GAZETTE: The panel didn’t consider environmental impact when forming their guidelines. You and Harvard Center for Climate, Health, and the Global Environment Director Gina McCarthy recently noted in a Journal of the American Medical Association (JAMA) Viewpoint that increased sustainability is a potential benefit of the new plant-based meat alternatives. Why is it so important to be concerned about environmental sustainability when making dietary recommendations?
HU: This was certainly a missed opportunity. From a planetary health perspective, already our current production of red meat, particularly beef, stands out for its disproportionate greenhouse-gas emissions in comparison to other foods, especially plant-based foods. Beyond emissions, there is concern that industrial meat production can contaminate our water resources with runoff from animal-waste lagoons. Concerns have also been noted about the welfare of animals raised in these industrial conditions. For those concerned with human health and the health of the planet, these multifaceted issues are alarming in light of projections that the global demand for meat will continue to increase in the coming decades.
GAZETTE: Let’s shift gears to the other “meats” making headlines — the new wave of plant-based alternatives, which promise real meat flavor to those who can’t give up burgers. What did you think when you first heard of them? Good dietary development or bad?
HU: My first thought is that these are an interesting application of innovative food technology that may be useful for individuals looking to reduce their intake of red meat and move toward a more plant-based diet. Of course, this is a hypothetical as we have no research as to whether this is a shift consumers will make, and whether such a shift will be transitional or long-term. Furthermore, like any new technology, we must be watchful to ensure that these new products are beneficial to human health as well as the health of the planet, and to understand and consider any unintended consequences.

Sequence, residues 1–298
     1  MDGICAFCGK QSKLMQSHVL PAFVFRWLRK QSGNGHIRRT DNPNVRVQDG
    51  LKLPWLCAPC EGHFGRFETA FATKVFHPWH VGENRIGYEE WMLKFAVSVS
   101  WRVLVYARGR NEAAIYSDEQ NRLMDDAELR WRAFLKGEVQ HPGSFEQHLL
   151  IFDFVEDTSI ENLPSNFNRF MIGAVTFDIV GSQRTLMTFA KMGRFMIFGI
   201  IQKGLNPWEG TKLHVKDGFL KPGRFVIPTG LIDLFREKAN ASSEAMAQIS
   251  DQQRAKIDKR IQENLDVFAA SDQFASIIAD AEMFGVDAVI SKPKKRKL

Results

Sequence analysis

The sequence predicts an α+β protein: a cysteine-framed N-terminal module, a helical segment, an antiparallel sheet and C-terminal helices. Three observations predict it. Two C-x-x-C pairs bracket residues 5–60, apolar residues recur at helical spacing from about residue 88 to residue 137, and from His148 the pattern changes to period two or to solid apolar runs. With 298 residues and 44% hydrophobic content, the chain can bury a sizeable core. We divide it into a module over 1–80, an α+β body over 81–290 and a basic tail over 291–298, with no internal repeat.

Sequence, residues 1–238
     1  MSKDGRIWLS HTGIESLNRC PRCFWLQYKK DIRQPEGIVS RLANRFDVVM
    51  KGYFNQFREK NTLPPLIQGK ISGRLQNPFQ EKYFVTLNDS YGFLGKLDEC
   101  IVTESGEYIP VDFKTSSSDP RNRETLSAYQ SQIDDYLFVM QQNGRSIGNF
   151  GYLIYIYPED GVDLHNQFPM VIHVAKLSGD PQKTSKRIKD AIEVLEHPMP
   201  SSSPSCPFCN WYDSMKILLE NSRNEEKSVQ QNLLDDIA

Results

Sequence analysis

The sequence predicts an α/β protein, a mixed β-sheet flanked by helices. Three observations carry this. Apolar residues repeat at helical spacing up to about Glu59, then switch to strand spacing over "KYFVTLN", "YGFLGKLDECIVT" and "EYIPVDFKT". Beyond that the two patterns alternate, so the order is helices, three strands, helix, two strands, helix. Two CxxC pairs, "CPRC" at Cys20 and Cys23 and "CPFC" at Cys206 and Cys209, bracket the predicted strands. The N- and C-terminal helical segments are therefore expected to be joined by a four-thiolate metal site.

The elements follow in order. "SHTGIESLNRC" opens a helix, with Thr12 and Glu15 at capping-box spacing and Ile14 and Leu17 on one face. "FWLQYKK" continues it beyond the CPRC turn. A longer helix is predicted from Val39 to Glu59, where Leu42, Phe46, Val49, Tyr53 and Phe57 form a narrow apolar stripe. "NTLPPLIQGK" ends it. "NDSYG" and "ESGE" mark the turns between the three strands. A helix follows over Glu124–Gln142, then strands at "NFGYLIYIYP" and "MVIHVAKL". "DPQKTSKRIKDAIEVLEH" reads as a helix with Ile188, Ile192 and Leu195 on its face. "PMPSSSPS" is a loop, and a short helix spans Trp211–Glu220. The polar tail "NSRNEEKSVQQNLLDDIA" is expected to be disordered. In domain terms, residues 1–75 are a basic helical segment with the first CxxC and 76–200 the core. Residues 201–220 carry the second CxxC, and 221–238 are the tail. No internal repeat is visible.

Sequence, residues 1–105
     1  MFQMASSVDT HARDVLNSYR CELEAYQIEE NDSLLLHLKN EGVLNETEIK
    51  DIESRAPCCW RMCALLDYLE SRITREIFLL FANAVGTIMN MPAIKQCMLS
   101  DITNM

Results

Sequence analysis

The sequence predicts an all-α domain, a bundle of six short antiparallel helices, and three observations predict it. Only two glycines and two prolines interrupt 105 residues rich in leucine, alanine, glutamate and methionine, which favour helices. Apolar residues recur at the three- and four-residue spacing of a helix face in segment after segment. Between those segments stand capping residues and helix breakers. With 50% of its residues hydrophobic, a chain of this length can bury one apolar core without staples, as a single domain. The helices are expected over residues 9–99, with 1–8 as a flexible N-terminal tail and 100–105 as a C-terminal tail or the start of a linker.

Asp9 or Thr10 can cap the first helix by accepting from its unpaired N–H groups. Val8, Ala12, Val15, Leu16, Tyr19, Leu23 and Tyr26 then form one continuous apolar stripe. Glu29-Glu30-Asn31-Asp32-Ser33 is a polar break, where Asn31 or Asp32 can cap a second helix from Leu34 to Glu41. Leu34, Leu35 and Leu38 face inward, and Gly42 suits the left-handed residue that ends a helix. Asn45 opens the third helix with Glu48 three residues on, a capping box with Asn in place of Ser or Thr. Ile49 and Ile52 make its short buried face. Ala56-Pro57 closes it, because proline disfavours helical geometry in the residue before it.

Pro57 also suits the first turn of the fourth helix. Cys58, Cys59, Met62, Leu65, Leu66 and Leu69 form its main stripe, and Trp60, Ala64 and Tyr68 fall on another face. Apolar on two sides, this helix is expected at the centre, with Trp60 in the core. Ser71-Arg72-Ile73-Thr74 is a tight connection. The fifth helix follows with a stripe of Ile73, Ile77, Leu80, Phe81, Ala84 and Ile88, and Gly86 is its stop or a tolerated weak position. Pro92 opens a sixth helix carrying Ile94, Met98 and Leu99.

GAZETTE: For products like the Impossible Burger and Beyond Meat to make a difference on global sustainability, they’d have to translate an expensive, high-tech solution to developing and middle-income countries on a massive scale. Is that likely?
HU: We are faced with the unprecedented challenge of feeding a global population slated to reach 10 billion by 2050. When the EAT-Lancet Commission looked at this from both a human and planetary health perspective, they came up with a planetary health diet that would meet nutritional requirements while staying within the confines of our planet’s natural resources. While this shift would require total global consumption of foods such as red meat to decrease by half, all nations are not on an even playing field. North American countries are consuming over six times the amount of red meat recommended by the planetary health diet, while South Asian countries are eating only half the recommended amount. So, while these plant-based analogues may play some role in helping to satisfy the projected desire for burgers and other red meat worldwide, we should be cautious in viewing them — or any single innovation — as a silver bullet. Likewise, we must ensure that they do not distract from necessary efforts to shift our global agricultural system to produce more healthy and sustainable foods, such as fruits, vegetables, nuts, seeds, legumes, and whole grains.